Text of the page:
restraining orders and orders to vacate are granted to virtually all who
apply, lest anyone be blamed for an unfortunate result ... In many
[divorce] cases, allegations of abuse are now used for tactical
Sheara Friend, a Needham attorney who testified before the Massachusetts
Legislature in May, concurs. "I don't think there's a lawyer in domestic
relations in this state who doesn't feel there has been abuse of
restraining orders," she says. "It's not politically correct -- lawyers
don't want to be pegged as being anti-abused women, but privately they
There are stories of attorneys explicitly offering to have restraining
orders dropped in exchange for financial concessions. Friend says that
this has happened to her on two occasions; but she believes that more
discreet negotiations are actually far more common.
Even feminist activists are willing to allow that restraining orders can
be misused as a "coercive tool" -- by men. In 1995, in Somerville,
Mass., Stephen Gruning broke into the apartment of his ex-girlfriend,
Rhonda Stuart, and went on a shooting rampage, wounding her and killing
her brother and her new boyfriend. When press reports revealed that
Gruning had earlier obtained two temporary restraining orders against
Stuart, women's advocates were quick to point out that such orders were
very easy to get, "regardless of the facts."
In the 1970s and '80s, growing public awareness of domestic violence
spurred laws such as the 1978 Abuse Prevention Act in Massachusetts,
which made restraining orders (usually prohibiting any contact with the
complainant) easily available against current or former spouses or
cohabitants. More recently, many states have moved to strengthen this
legislation, extending eligibility to people who had dated but not lived
together, and introducing tough measures against violators.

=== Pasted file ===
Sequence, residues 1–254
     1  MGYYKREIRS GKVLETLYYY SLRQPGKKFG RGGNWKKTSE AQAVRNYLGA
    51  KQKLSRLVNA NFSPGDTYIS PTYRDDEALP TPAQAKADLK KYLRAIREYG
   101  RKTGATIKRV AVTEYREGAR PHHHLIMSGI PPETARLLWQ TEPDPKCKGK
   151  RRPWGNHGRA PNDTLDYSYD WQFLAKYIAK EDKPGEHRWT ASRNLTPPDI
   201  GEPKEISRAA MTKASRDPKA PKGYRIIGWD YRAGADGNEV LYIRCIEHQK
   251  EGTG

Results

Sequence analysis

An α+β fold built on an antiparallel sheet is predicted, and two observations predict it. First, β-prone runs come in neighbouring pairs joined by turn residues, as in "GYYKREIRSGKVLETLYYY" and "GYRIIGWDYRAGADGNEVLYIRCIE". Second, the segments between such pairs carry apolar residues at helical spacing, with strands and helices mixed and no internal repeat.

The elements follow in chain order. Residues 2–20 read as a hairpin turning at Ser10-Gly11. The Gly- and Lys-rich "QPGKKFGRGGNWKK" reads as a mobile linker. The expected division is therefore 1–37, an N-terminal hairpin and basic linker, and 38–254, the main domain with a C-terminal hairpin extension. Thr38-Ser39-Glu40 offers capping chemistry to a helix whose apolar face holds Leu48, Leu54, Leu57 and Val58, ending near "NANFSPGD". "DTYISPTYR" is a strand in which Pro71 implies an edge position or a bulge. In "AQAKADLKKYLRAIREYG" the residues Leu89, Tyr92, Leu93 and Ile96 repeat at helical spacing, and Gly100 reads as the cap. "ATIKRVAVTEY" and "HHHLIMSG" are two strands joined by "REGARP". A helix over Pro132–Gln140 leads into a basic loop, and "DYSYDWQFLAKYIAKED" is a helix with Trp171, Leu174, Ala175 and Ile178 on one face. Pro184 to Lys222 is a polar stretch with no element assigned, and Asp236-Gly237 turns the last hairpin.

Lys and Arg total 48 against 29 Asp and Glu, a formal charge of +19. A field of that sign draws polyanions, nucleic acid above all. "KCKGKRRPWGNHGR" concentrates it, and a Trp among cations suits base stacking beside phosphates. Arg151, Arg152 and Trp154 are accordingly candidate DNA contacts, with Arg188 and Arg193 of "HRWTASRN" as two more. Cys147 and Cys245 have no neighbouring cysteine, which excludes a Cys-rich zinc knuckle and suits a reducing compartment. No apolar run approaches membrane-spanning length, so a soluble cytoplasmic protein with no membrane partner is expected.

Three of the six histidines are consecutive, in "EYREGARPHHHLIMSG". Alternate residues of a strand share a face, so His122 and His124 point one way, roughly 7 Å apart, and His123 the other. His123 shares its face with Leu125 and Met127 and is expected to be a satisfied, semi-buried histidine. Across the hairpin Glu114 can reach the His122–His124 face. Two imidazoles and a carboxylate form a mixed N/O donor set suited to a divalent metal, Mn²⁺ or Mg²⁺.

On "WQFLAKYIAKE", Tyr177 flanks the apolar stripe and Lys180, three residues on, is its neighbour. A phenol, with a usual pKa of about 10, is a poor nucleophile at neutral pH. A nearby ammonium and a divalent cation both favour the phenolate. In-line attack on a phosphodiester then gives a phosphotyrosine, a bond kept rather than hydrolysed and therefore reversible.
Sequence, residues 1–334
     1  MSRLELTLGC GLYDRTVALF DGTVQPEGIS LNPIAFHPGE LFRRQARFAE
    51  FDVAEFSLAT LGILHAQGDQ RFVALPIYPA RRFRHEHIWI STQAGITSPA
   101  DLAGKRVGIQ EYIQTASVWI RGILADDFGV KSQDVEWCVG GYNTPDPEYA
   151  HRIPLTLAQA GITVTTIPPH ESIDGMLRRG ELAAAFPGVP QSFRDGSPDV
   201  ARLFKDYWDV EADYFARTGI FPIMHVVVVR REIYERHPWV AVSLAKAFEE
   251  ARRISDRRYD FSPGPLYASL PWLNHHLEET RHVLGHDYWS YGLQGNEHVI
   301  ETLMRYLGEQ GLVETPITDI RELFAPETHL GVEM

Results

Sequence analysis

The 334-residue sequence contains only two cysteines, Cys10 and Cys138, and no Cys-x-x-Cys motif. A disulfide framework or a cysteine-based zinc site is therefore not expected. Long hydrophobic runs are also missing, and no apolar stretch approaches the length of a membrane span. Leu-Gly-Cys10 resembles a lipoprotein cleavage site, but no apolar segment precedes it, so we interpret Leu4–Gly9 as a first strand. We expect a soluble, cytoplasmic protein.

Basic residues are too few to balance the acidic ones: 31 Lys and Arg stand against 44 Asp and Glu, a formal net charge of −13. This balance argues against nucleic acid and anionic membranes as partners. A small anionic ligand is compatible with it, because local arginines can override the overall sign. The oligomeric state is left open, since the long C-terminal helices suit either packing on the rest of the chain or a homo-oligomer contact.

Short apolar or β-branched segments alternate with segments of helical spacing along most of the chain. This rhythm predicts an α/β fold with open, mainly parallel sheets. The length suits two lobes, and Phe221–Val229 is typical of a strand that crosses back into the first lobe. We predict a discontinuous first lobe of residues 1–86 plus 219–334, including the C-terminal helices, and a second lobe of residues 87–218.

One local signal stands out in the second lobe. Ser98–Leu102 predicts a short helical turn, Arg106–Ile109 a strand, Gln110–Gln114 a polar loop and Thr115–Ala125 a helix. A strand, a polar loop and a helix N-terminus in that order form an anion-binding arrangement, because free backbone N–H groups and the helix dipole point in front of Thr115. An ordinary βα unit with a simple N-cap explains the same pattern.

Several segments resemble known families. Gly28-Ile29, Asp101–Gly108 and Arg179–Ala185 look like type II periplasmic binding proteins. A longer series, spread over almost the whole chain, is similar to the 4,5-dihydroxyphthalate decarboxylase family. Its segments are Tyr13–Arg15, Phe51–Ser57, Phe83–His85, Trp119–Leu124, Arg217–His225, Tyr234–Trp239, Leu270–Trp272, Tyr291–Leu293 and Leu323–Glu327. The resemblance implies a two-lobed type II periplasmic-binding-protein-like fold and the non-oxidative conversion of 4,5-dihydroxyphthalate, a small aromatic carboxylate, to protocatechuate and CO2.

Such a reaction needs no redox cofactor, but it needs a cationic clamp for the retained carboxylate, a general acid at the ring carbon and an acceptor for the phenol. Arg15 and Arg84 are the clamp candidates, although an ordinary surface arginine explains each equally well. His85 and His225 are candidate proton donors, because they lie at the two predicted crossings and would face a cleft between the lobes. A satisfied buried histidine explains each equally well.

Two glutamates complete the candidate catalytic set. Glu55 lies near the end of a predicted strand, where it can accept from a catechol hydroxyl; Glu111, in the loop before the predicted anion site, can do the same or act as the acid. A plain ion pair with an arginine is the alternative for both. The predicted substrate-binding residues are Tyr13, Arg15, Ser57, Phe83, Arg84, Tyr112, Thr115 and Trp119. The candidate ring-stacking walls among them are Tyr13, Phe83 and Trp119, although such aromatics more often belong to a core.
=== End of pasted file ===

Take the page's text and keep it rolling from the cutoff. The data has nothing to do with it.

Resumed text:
In Massachusetts, as in most other states, a temporary no-contact order
can be issued ex parte -- without the defendant being present or
notified, let alone informed of the specific charges -- and solely on
the word of the complainant. "I think judges grant the restraining
orders without asking too many questions," said former state Rep.
Barbara Gray, an original sponsor of the Abuse Prevention Act, in a 1995
Gray, who is now retired, rather nonchalantly allowed that the system
could be manipulated, but she felt that nothing could be done
differently without endangering women: "You [would be] saying to a
judge: On an emergency basis, you have to look at this woman and see
whether you think she's telling the truth."
True or false, the charges can be surprisingly trivial. A 1995 study by
the Massachusetts courts showed that fewer than half of all restraining
orders involved even an allegation of physical abuse. Epstein recalls
"affidavits which just said that someone was in fear, or there had been
an argument or yelling, but not even a threat."
While the Massachusetts Supreme Judicial Court ruled in 1990 that a
simple claim of fear was not a sufficient basis for a restraining
order -- and set a threshold of "reasonable" fear of "imminent serious
physical harm" -- courts routinely ignore this standard.
Men are everywhere that matters!
A dog is wiser than a woman; it does not bark at its master.